Functional dissociation between glucocorticoid-induced decrease in arachidonic acid release and inhibition of adrenocorticotropic hormone secretion in AtT-20 corticotrophs

Arsenio Pompeo, Alberto Luini, Roberto Buccione

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6 Citations (Scopus)

Abstract

The biochemical basis of the short-term inhibitory effects of glucocorticoids on corticotropin release from pituitary corticotrophs is still obscure. A well-characterized effect of glucocorticoids in several cell types is the inhibition of arachidonic acid (AA) generation by phospholipase A2 (PLA2). Arachidonic acid and its metabolites have been implicated in the secretory process from a number of pituitary cells, such as the corticotrophs. We have thus examined the role of AA in the anti-secretagogue effects of glucocorticoids in a corticotropin-secreting clonal corticotroph line (AtT-20 D16/16). Glucocorticoids decreased AA release induced by melittin, a bee venom protein related to extracellular PLA2. When a possible role of AA in corticotropin release was studied, the following results were obtained: (a) all corticotropin secretagogues tested, including corticotropin-releasing factor (CRF), did not alter AA generation; (b) calcium and guanine nucleotides, which stimulate corticotropin release in permeabilized cells, inhibited the release of AA under the same conditions; (c) administration of melittin or of exogenous AA had no effect on basal and CRF-stimulated corticotropin release; (d) administration of large amounts of exogenous AA was unable to restore the ability to secrete corticotropin under suppression by glucocorticoids. Altogether, the data suggest that whereas glucocorticoids can inhibit both AA generation and corticotropin release, these two effects appear to be causally unrelated.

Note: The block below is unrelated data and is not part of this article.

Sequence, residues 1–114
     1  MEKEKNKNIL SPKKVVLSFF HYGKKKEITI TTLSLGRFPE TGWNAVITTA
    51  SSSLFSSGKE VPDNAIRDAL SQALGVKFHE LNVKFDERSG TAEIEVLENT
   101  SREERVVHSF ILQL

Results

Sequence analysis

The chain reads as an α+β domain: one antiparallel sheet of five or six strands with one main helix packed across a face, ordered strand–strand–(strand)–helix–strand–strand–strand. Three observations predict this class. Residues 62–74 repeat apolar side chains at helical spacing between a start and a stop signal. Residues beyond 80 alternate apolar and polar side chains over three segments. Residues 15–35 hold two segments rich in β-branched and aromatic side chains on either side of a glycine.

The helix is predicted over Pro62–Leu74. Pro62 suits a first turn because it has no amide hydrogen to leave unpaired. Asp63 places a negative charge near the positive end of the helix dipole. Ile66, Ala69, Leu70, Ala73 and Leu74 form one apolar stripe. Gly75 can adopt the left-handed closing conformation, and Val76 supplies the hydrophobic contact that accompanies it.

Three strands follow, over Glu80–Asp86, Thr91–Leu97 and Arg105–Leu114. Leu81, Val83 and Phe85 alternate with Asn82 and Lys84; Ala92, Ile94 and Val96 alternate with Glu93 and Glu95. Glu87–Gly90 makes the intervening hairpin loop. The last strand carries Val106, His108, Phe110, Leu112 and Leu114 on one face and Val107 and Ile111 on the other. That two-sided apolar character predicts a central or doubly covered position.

Original languageEnglish
Pages (from-to)51-57
Number of pages7
JournalJournal of Steroid Biochemistry and Molecular Biology
Volume60
Issue number1-2
DOIs
Publication statusPublished - Jan 1997

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Corticotrophs
Arachidonic Acid
Adrenocorticotropic Hormone
Glucocorticoids
Melitten
Phospholipases A2
Corticotropin-Releasing Hormone
Bee Venoms
Guanine Nucleotides
Secretory Pathway
Metabolites
Cell Count

ASJC Scopus subject areas

  • Biochemistry
  • Endocrinology

Cite this

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title = "Functional dissociation between glucocorticoid-induced decrease in arachidonic acid release and inhibition of adrenocorticotropic hormone secretion in AtT-20 corticotrophs",
abstract = "The biochemical basis of the short-term inhibitory effects of glucocorticoids on corticotropin release from pituitary corticotrophs is still obscure. A well-characterized effect of glucocorticoids in several cell types is the inhibition of arachidonic acid (AA) generation by phospholipase A2 (PLA2). Arachidonic acid and its metabolites have been implicated in the secretory process from a number of pituitary cells, such as the corticotrophs. We have thus examined the role of AA in the anti-secretagogue effects of glucocorticoids in a corticotropin-secreting clonal corticotroph line (AtT-20 D16/16). Glucocorticoids decreased AA release induced by melittin, a bee venom protein related to extracellular PLA2. When a possible role of AA in corticotropin release was studied, the following results were obtained: (a) all corticotropin secretagogues tested, including corticotropin-releasing factor (CRF), did not alter AA generation; (b) calcium and guanine nucleotides, which stimulate corticotropin release in permeabilized cells, inhibited the release of AA under the same conditions; (c) administration of melittin or of exogenous AA had no effect on basal and CRF-stimulated corticotropin release; (d) administration of large amounts of exogenous AA was unable to restore the ability to secrete corticotropin under suppression by glucocorticoids. Altogether, the data suggest that whereas glucocorticoids can inhibit both AA generation and corticotropin release, these two effects appear to be causally unrelated.",